16. Auburn Tigers
Previous ranking: 16
Auburn stays put after another perfectly respectable 196.5, this time at home against Rutgers. These are exactly the scores Auburn needs to stay where it wants to be in the rankings, and this performance featured fewer of the swings in quality than we had been seeing in previous meets. Despite a couple 9.7s that the team didn’t want, no one fell, Milliet got 9.9s on all the events she does, and Glenn came back to hit her vault after struggling the last two times out.
17. Arizona State Sun Devils
Previous ranking: 17
Arizona State will be relieved by getting back into the 196s with a 196.575 against Washington, the team’s #2 score on the season. It followed two straight weeks of moderate struggles for 195s that might have indicated ASU was reverting to a lower ranking tier after starting the season so well, but the 196s returned this time out. The absences of Christopherson and Lentz did show in the team putting up a few backup routines it certainly planned to drop, but it looks like there’s still a very countable 5 going on each event. Of note, Anne Kuhm had a breakout meet for 39.425 in the AA, nearly matching what Leonard-Baker did.
18. BYU Cougars
Previous ranking: 19
The tri-meet victory over both Denver and Southern Utah, two teams that BYU trailed well behind last season, carried with it BYU’s fourth 196 of the season, a feat the team hadn’t managed since the 2014 season. BYU hasn’t recorded five scores of at least 196 since the 2004 season (a 197 paradise), so with a number of meets left, this is already looking like a historic season performance.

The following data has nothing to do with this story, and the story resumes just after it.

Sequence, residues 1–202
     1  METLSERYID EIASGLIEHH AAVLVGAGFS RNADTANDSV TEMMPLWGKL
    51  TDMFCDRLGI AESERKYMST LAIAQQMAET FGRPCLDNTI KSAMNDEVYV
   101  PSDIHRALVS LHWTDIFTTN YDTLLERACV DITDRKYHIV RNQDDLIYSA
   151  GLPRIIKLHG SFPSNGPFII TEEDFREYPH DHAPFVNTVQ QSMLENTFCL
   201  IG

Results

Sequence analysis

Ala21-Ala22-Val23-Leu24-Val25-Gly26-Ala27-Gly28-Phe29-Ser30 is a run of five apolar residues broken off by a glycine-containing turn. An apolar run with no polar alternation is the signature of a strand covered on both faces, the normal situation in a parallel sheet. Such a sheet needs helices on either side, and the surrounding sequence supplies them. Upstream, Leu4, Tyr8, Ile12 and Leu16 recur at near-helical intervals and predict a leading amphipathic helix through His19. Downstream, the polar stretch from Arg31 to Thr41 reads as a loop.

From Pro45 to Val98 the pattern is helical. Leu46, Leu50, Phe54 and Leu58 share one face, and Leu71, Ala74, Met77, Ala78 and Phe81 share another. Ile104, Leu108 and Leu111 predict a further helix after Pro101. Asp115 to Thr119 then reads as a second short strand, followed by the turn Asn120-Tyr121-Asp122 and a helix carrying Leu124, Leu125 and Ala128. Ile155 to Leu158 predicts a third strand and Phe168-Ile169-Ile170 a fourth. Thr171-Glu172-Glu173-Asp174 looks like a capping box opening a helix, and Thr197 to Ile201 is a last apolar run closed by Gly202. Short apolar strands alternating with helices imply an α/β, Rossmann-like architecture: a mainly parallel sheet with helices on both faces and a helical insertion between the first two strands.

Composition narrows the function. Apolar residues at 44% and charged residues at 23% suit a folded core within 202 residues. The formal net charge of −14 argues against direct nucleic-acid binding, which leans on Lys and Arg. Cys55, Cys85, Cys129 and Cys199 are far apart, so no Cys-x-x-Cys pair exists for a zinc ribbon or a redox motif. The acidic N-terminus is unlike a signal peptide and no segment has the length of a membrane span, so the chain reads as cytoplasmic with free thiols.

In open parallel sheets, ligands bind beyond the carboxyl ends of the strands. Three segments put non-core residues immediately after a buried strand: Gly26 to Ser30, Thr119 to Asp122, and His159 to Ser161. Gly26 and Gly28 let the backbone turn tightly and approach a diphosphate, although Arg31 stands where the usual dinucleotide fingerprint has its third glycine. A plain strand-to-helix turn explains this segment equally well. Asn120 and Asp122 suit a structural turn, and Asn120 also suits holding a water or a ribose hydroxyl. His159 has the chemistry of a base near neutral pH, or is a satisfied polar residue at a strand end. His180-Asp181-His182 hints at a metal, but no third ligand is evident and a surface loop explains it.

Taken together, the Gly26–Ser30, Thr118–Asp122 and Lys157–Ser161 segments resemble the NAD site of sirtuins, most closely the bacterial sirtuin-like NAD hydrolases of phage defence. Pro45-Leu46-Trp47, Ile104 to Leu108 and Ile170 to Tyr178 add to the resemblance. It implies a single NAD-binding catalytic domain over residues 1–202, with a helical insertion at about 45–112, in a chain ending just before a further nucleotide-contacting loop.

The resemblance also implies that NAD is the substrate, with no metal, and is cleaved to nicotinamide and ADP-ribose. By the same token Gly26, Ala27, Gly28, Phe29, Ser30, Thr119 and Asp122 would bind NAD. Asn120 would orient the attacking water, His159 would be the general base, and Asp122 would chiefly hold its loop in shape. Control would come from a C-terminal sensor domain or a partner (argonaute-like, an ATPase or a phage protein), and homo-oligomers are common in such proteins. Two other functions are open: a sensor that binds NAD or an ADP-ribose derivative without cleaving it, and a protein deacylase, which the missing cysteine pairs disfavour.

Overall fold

19. Minnesota Golden Gophers
Previous ranking: 18
Minnesota had Ivy Lu go 10.000 on beam and 9.975 on bars to match program records on both pieces and yet still falls in the rankings this week after mistakes on beam and floor took the total score down into the 195s. It will be a frustrating result but is also further sign that Minnesota is a dangerous customer this season with more potential 9.9s than a lot of the other prospective #3 seeds at regionals.
20. Missouri Tigers
Previous ranking: 20
Things are looking slightly up for Missouri after breaking 196 on the road for the first time to finish second at the GQ Invitational, a performance marked most significantly by Ward going into the 9.9s on both vault and beam. That’s something she was accomplishing regularly last season and something Missouri desperately needs to try to score with the big girls. Essential contributor Morgan Porter did return on both bars and beam after being absent from the previous meet, though she missed both events for 9.1s.
21. California Golden Bears
Previous ranking: 23
Cal picks up another two ranking spots after recording its second-straight usable score, a 196.700 in victory over Stanford. That means Cal still needs four more usable scores in the remaining five meets, but the ranking situation looks slightly less urgent than it did a few weeks ago with the team looking more comfortable in its ability to hit routines and showing more shades of possible 9.9s.